The FBI tried to meet with “sex huntress” who claims to have dirt on Trump and Russia, report says

The 21-year-old Belarusian claims to have been an eyewitness at meetings between well-connected Russians and unnamed Americans.
March 14, 2018, 5:08pm

FBI agents tried to meet with an escort detained in Thailand who claims to have information about Russian involvement in President Donald Trump’s election in 2016, but they were refused access by Thai officials, CNN reported Tuesday.

The FBI’s reported attempt last week provides the first indication that U.S. investigators are looking seriously at claims made by the 21-year-old Belarusian with a flamboyant NSFW social media presence named Anastasia Vashukevich, who goes by the name Nastya Rybka.

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Vashukevich, who was detained in Thailand in February over an alleged visa violation, has emerged at the center of a strange and sexually-charged political firestorm involving U.S.-Russian relations.

The self-described “sex huntress” claims to have been an eyewitness at meetings between well-connected Russians and unnamed Americans. From her cell in Bangkok, she’s told The New York Times she has over 16 hours of relevant audio recordings, and offered to turn them over to American investigators in exchange for political asylum.

FBI agents contacted Thai immigration officials last week about trying to meet Vashukevich and another man detained with her, a self-proclaimed “sex guru” named Alex Kirillov who goes by the name Alex Lesley, CNN said. But the request was denied because Thai officials would only allow legal representatives and family members are allowed to meet with the pair, according to CNN.

An FBI spokesperson declined to confirm or deny the outreach to VICE News. Peter Carr, spokesman for special counsel Robert Mueller’s investigation into possible Russian meddling in the election, declined to comment. Other U.S. and Thai agencies either declined to comment or said they had no idea what was going on.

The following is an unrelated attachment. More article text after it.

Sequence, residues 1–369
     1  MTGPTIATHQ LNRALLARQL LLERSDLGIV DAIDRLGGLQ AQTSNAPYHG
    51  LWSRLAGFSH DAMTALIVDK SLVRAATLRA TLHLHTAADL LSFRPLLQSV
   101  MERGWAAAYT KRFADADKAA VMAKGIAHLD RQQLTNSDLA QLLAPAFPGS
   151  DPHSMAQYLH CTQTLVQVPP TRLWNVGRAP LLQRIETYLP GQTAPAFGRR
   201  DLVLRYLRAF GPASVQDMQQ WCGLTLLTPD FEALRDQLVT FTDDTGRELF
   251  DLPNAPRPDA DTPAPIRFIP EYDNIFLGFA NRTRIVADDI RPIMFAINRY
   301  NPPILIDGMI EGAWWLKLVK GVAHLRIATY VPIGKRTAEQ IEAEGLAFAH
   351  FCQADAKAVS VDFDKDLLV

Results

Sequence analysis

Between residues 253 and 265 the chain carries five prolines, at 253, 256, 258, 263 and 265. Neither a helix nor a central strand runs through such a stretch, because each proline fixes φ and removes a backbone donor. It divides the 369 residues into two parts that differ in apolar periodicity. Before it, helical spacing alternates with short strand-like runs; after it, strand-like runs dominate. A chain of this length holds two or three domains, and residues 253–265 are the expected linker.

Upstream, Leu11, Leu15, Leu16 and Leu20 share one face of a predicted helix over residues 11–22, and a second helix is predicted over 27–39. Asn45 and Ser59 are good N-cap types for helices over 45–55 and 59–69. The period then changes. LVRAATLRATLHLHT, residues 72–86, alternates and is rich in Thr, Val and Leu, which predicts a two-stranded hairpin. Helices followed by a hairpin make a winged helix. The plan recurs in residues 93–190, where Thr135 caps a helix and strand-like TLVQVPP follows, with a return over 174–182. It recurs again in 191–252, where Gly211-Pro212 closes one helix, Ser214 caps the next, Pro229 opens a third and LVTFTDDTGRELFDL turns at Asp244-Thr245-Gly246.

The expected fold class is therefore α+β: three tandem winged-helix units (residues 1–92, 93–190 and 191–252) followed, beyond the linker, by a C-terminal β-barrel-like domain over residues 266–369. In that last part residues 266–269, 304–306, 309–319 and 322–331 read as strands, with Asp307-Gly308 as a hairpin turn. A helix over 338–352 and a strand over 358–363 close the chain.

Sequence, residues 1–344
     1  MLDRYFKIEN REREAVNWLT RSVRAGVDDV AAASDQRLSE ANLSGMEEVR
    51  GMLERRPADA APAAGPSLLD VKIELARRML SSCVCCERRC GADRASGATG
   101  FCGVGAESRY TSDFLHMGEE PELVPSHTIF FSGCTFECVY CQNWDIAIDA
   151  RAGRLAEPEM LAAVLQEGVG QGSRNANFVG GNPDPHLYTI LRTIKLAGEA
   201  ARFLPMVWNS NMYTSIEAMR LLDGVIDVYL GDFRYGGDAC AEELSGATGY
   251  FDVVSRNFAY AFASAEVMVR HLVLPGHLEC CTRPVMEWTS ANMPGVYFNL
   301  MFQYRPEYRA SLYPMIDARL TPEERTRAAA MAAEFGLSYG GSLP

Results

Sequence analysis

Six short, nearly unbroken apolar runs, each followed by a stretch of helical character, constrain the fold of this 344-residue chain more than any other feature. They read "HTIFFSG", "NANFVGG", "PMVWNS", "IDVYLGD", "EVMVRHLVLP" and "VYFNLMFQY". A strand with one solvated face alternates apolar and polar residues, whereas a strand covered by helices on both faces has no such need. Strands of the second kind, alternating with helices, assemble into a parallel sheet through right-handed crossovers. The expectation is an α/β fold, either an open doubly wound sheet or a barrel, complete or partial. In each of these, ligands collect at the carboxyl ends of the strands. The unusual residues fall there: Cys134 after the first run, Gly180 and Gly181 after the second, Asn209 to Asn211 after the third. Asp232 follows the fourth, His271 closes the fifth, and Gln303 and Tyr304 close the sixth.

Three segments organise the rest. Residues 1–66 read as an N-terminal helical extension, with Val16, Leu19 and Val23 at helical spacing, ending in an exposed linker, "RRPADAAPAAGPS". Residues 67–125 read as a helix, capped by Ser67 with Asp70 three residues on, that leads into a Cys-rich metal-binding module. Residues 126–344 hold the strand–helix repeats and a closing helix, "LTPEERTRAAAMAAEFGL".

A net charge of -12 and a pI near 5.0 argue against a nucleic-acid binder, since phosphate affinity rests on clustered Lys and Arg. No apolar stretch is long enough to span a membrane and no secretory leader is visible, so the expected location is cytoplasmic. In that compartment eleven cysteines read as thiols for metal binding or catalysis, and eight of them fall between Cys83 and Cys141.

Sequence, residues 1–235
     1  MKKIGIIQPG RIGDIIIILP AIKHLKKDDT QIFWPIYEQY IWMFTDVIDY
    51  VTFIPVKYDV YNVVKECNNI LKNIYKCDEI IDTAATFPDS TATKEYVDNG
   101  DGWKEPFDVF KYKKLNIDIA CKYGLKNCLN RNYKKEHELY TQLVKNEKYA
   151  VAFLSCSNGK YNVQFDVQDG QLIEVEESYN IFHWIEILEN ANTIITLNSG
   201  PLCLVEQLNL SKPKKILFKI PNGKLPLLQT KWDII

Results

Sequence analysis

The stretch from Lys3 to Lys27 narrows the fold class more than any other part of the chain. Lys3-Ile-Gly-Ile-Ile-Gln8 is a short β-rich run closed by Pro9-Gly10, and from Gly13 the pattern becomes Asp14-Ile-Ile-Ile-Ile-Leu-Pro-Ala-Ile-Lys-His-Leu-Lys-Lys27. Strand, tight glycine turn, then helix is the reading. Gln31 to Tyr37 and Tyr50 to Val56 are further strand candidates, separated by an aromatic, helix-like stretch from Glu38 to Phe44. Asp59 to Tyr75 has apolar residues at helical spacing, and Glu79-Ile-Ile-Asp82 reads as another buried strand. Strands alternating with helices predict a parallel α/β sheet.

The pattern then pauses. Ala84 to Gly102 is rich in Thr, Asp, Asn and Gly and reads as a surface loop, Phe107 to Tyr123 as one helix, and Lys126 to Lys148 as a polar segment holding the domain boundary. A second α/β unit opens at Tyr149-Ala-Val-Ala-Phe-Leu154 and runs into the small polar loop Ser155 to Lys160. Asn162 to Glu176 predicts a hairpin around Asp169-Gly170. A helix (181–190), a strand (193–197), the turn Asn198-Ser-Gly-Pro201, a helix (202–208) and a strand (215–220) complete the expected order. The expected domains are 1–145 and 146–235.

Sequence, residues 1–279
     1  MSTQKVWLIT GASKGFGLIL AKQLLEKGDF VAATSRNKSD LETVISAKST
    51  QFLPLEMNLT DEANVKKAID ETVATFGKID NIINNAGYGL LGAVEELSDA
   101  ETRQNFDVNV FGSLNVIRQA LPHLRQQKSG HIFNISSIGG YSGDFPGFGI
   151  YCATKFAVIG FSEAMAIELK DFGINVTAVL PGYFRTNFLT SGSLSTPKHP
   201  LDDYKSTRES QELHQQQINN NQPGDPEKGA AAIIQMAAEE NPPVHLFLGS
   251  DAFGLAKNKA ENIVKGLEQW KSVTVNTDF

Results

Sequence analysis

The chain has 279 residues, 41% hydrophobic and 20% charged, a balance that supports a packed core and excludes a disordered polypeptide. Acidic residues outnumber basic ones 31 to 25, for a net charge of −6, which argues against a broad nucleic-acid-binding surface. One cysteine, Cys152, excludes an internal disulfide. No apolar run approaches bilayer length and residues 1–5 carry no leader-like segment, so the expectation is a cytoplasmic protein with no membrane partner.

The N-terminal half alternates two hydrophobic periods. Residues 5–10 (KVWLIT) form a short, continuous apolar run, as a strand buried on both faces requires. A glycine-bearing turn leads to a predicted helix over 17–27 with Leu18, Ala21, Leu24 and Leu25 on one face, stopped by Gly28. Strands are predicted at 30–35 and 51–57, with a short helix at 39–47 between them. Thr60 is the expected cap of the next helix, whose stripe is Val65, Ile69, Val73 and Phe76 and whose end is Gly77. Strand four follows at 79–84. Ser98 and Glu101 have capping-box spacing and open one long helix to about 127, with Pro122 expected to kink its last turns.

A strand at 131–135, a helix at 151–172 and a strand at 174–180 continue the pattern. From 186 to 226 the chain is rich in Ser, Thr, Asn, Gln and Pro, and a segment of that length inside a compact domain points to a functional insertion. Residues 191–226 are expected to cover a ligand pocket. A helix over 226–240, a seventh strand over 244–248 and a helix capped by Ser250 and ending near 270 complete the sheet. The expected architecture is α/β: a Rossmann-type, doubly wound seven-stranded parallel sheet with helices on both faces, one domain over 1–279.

“We are aware of media reports of this individual’s arrest by Thai authorities,” said Jillian Bonnardeaux, spokeswoman for the U.S. embassy in Thailand. “We refer you to Thai law enforcement for further information.”

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Thailand’s Ministry of Foreign Affairs issued a statement saying: “With regard to your inquiry about the Belarusian individual who claims to have information about Russia meddling with U.S. elections, we regret to inform you that the Department of Information does not have further information on this matter.”

Vashukevich stepped into the international spotlight in February as the unwitting star of an investigative documentary video created by Russian opposition leader Alexei Navalny, which drew heavily on her social media posts to make its claims.

The 25-minute video posted to YouTube purports to shows a powerful Russian oligarch named Oleg Deripaska — a billionaire with ties to Donald Trump’s former campaign chairman Paul Manafort — taking a three-day pleasure cruise on a yacht off the coast of Norway in August 2016 in the company of Vashukevich and Russian deputy prime minister Sergei Prikhodko.

Navalny said the lavish entertainment amounted to a “bribe” by the oligarch. He also pointed to the well-known ties between Manafort and Deripaska to suggest the meeting may have been one link in a chain between the Trump campaign and the Russian government in the middle of the 2016 presidential campaign. But while an audio clip presented in the documentary indicates the two men did mention U.S.-Russian relations, the film provides no proof that they discussed the U.S. election.

Deripaska has denied any wrongdoing, calling the allegations “the result of a planned campaign aiming to damage my reputation,” on his own Instagram. Prikhodko has called Navalny a "political loser."

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An American citizen in Thailand, Pavlo Yunko, who has been in contact with Vashukevich and Kirillov, posted on Facebook that he’d been told by an unnamed Thai official that their deportation from Thailand appeared to have been delayed following talks between American and Thai officials on Friday.

“It’s a fact that their deportation has been halted,” Yunko wrote.

The U.S. State Department said Monday it had no information on the matter.

On March 6, State Department spokeswoman Heather Nauert called the episode a “bizarre story,” and pointed out Vashukevich is not a U.S. citizen.

“I’m sure if there is anything of great interest that we need to be aware of that our Thai officials would inform us of that,” she said.

Cover image: Anastasia Vashukevich talks from inside a police transport vehicle at a detention center in Pattaya, south of Bangkok, Thailand, Wednesday, Feb. 28, 2018, after being arrested Sunday in the Thai resort city of Pattaya while giving sex lessons to Russian tourists. (AP Photo/Gemunu Amarasinghe)